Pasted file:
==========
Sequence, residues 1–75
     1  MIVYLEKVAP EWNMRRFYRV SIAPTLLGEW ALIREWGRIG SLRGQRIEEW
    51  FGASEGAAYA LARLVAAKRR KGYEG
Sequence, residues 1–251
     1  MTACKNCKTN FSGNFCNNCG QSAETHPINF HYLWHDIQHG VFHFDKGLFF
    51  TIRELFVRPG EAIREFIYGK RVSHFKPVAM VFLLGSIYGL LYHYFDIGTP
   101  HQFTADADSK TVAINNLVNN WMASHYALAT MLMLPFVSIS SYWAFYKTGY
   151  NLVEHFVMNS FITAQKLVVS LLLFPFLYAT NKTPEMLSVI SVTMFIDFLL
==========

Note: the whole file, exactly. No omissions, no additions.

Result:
Sequence, residues 1–75
     1  MIVYLEKVAP EWNMRRFYRV SIAPTLLGEW ALIREWGRIG SLRGQRIEEW
    51  FGASEGAAYA LARLVAAKRR KGYEG
Sequence, residues 1–251
     1  MTACKNCKTN FSGNFCNNCG QSAETHPINF HYLWHDIQHG VFHFDKGLFF
    51  TIRELFVRPG EAIREFIYGK RVSHFKPVAM VFLLGSIYGL LYHYFDIGTP
   101  HQFTADADSK TVAINNLVNN WMASHYALAT MLMLPFVSIS SYWAFYKTGY
   151  NLVEHFVMNS FITAQKLVVS LLLFPFLYAT NKTPEMLSVI SVTMFIDFLL